Best Of 2011: What Education Stories Make Your List?
I’m compiling a list of the most interesting education stories of 2011, and I’d like your help. Were there thought-provoking pieces that were conversation starters in your office? Who wrote the profile that you sent to co-workers and friends? What was the investigative series that made you say “wow!”
We’ve been talking about this over on EdMedia Commons (click here to sign up, if you’re not already a member). Two stories have already been nominated: Paul Tough’s remarkable piece in the New York Times Magazine’s annual education issue, looking at the influence of “grit” on student learning and achievement; and Michael Winerip’s column (also from the NYT) about Tennessee’s controversial plan for evaluating teachers teaching subjects that don’t require standardized testing of students.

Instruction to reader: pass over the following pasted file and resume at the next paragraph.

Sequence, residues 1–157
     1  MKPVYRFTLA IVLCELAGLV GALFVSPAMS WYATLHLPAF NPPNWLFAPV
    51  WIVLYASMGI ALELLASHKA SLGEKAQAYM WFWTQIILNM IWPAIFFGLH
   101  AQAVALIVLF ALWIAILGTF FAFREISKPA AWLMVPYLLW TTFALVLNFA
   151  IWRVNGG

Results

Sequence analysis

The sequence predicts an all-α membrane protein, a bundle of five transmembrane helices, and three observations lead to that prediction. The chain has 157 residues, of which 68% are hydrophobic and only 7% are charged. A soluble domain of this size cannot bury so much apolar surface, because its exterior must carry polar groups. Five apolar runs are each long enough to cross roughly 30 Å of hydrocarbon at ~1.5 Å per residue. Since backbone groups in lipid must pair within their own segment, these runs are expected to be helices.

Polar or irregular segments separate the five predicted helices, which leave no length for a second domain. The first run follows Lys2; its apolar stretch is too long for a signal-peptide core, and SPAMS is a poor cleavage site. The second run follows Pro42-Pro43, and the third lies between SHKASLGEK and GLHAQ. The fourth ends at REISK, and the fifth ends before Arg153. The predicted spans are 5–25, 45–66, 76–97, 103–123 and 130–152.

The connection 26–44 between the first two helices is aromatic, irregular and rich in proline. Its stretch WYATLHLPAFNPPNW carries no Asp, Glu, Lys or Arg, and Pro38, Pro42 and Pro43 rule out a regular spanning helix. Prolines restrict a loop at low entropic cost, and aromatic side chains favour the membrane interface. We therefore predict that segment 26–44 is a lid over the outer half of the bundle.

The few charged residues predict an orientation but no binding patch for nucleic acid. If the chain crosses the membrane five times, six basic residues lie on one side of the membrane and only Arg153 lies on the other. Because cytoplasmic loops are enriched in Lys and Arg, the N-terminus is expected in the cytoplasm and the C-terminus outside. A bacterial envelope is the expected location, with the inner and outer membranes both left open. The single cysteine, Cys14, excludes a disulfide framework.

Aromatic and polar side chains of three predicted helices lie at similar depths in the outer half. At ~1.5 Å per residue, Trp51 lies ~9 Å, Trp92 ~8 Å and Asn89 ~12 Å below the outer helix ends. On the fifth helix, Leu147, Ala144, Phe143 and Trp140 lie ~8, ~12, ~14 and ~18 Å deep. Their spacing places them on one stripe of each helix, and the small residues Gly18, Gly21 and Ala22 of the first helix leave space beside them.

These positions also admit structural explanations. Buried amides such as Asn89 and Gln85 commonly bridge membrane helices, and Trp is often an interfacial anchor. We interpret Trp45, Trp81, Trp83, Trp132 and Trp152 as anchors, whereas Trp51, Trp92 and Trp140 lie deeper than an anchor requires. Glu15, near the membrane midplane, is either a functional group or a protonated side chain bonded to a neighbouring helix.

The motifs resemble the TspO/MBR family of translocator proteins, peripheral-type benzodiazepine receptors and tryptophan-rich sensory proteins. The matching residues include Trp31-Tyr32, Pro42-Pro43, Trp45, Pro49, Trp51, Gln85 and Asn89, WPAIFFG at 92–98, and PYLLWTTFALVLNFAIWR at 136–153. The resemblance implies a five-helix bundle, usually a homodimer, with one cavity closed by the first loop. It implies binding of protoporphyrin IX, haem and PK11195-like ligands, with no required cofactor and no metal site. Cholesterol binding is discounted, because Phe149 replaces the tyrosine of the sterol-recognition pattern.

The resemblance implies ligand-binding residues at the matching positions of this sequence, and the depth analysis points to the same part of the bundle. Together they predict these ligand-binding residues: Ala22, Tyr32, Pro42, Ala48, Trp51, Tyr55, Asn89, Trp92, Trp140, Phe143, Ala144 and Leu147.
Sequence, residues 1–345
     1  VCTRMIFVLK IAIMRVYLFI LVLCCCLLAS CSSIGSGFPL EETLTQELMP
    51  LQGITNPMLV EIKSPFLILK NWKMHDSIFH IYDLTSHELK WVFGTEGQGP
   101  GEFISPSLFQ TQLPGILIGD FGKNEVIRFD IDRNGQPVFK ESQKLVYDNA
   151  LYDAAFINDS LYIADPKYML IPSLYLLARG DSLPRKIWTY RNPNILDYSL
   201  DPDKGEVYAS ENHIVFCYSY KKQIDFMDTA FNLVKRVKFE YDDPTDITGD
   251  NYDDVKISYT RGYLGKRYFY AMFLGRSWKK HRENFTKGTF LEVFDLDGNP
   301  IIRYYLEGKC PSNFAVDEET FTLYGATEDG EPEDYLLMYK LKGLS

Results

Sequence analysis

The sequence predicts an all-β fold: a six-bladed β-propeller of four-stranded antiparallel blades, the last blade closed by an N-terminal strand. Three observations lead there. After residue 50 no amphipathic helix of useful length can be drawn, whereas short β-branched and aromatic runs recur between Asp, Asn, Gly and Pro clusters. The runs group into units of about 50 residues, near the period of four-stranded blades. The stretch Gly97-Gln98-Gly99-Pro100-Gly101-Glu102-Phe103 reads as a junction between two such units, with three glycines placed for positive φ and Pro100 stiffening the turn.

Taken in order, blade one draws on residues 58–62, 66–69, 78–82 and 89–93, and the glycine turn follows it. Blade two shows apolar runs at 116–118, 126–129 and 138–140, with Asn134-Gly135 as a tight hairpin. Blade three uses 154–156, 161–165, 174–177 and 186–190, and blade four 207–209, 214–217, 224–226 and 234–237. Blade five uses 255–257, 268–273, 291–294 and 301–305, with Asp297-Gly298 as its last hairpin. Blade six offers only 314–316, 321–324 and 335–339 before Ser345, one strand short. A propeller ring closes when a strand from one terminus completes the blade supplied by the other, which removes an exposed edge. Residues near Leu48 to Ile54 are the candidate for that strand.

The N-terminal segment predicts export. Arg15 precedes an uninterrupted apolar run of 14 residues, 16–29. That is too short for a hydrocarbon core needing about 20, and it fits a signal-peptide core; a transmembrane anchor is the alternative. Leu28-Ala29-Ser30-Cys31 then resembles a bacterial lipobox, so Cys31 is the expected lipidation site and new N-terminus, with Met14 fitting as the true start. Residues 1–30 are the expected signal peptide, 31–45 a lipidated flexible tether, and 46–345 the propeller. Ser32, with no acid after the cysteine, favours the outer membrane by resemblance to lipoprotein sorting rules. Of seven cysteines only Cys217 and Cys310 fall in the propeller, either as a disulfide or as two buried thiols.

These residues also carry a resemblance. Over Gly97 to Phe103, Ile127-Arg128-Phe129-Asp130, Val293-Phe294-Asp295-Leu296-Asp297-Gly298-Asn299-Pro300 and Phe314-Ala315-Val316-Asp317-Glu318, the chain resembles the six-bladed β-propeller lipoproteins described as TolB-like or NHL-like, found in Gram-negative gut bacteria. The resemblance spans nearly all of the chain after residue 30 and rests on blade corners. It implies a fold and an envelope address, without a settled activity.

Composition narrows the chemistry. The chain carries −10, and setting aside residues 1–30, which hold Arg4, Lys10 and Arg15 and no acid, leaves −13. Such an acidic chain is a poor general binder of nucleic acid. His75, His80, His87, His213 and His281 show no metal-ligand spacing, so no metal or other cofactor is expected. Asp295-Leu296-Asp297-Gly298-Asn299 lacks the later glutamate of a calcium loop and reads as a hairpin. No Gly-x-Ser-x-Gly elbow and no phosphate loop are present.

I’d like to add a few more stories to that list. The Atlanta Journal-Constitution deserves credit for pushing hard on the cheating scandal that’s rocked its public school system (click here for a link to the collected stories). This is probably one of the most talked about stories of the year, and it spurred closer scrutiny of testing procedures and results in other states, as well.
I also was impressed with the Boston Globe’s “Getting In” series, which followed parents navigating the city’s confusing — and often confounding — school assignment maze. The multimedia elements of the project, including video interviews with the families, were an effective way of bringing readers deeper into the narrative.
So, what stories stood out for you this year? To my education journalist colleagues — don’t be shy about nominating your own work. I also encourage you to submit it to the EWA’s annual contest.